I originally studied law not because I actually have any interest in law (I don’t) but because I had a gift with English and I wanted a guaranteed income from it.  Let me tell you now, if your parents ever tell you to study law because “you’ll always have a job at least” (thanks Mum) do not listen.  In fact, as I graduated, two other universities in Adelaide were cranking out law grad’s like a catholic rabbit makes babies and my grades were not the best.  To add fuel to the fire, I happened to complete my studies right smack bang at the crescendo of the Global Financial Crisis and also happened to possess the dubious honour of being a woman of childbearing years… read: risky.  I applied for literally over a hundred jobs, interviewed for about ten and still it took me twelve months to get my first job in law.  Actually, it’s a bit of a funny story… I eventually got that job not because of merit or even because I applied for it but because a man abused my father on a holiday in Borneo and then wanted to do him a favour to make up for it.  Turns out he was a lawyer, so you can put two and two together…  It’s like an episode of Seinfeld!

Anyway, the point is, I like words.  I am a wordsmith (or so I like to think).  Other people out there were “writers” so why couldn’t I be one too?  Now was the perfect time to try.  I had time on my hands and my hands on my keyboard.  It might not happen straight away, but nothing ever happened without somebody starting it.

I’m not cut out for novels (short attention span) and I’ve never been good at fiction (lack of imagination) so I decided to start a blog.  I wrote my political opinions, product reviews, film critiques and quasi-comedic commentaries.  It was a bit of fun but it wasn’t going to draw an income.  I needed an actual writing job.

How to be a writer

I wish I had the answer to this question; I don’t.  I guess in a way I do… just write!  But of course, the getting paid to be a writer part, I’m still kind of stuck on.  Ok, so that’s not entirely true.  I am actually a writer now and I do actually get paid.  BUT I only have one client and I get paid peanuts.  So how did I get my first gig?  Well that’s the hard part.  Waiting for your first big break can be what puts most people off freelance writing and I’ll be honest, had I not struck it lucky, my patience would have run out too.  Being a sickie and something of an internet-freak, I spend a lot of time on Facebook.  And websites.  And forums.  *blushes*  Yes people, I am a nerd.  Now that we have that out of the way, we can understand how it was that when one of my favourite personal finance websites posted in my Facebook stream that they were looking for guest writers, I pounced.  Within 10 minutes I’d penned an extensive (rambling) application letter explaining my history, my health and my ambition to write.  I don’t think I even proof-read it, I just typed and clicked “send”.  Within a day I had a response, they’d love to have me, and before I knew it I was negotiating a contract to write regular articles for a prominent savings site.  Not everyone will get an opportunity like this and I must say, finding the next one has been much harder than I thought (editors it seems, will simply ignore your emails if they are busy or don’t like you).  But a start is a start!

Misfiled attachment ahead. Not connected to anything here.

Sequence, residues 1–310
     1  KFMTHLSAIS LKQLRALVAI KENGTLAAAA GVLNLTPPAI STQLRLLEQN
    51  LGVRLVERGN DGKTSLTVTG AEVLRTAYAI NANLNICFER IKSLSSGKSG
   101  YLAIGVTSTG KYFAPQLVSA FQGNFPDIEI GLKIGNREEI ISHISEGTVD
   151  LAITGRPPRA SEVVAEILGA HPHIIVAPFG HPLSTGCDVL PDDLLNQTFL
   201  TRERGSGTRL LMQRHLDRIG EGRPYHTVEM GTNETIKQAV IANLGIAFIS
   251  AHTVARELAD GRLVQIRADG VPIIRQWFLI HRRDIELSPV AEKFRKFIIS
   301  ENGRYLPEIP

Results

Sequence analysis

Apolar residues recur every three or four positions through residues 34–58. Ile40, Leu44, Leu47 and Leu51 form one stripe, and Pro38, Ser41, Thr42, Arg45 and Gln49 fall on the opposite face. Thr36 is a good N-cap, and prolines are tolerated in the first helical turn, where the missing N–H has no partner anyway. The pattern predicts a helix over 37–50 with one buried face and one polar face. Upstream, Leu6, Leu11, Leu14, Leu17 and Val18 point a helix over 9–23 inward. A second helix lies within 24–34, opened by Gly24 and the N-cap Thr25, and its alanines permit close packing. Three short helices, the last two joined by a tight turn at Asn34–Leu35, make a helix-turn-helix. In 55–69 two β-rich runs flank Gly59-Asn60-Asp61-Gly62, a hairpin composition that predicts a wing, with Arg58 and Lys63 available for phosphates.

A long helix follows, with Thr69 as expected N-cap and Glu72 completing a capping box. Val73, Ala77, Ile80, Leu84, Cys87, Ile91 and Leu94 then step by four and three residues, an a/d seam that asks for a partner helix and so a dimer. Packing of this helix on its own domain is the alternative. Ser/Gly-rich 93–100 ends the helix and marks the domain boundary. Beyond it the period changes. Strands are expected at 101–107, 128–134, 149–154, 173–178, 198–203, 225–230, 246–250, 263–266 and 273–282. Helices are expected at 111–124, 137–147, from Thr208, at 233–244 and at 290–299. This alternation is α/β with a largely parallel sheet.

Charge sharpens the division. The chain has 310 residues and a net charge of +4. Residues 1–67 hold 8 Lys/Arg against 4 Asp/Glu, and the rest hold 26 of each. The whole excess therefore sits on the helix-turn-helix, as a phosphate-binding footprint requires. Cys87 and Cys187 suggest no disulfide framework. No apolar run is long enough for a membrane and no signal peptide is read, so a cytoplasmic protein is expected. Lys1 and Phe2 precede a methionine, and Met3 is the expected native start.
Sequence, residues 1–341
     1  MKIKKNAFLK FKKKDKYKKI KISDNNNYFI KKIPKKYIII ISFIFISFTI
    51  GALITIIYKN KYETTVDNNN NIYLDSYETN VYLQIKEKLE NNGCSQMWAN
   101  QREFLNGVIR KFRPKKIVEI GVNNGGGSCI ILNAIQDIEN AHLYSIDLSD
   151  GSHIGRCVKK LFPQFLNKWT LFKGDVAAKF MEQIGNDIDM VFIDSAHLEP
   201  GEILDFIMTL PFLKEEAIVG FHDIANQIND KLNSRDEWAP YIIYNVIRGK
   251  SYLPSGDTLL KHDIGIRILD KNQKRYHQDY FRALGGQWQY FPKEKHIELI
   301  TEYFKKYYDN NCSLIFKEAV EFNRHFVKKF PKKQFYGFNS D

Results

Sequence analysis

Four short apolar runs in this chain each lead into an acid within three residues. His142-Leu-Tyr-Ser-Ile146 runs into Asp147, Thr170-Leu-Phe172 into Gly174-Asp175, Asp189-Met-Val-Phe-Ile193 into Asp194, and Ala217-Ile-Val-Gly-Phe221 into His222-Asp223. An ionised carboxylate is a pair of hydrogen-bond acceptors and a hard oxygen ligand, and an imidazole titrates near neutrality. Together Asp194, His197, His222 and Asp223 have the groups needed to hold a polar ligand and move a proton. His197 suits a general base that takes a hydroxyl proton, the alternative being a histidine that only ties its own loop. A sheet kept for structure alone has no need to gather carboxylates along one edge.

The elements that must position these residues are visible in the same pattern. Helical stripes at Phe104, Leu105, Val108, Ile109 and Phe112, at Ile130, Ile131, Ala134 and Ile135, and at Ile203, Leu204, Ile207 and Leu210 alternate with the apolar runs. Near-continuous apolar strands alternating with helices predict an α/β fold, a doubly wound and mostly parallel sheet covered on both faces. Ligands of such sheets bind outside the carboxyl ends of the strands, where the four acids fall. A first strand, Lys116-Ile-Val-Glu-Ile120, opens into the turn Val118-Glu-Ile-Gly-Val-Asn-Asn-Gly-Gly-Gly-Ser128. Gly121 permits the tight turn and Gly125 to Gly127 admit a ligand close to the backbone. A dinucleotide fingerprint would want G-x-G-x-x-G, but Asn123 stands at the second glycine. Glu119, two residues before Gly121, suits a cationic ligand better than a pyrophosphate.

But what about the money?

Writing a few short articles a week does not earn me much.  I am not Sarah Wilson or Mia Freedman with an entourage of sponsors and followers.  I have neither the credibility nor fame to charge high prices.  It is something I am building upon gradually, week by week my portfolio grows and one day I hope my name will be one that a few learned readers will recognise.  In the meantime, I have to do something else to make a crust.

I extremely lucky that my partner owns his own business.  Well, it’s a mixed blessing actually because it means he’s extremely busy and if he worked for someone else, he’d be making double and probably wouldn’t need me to work.  But c’est la vie; we play with the cards we are dealt and I choose to consider this an opportunity, not an obstacle.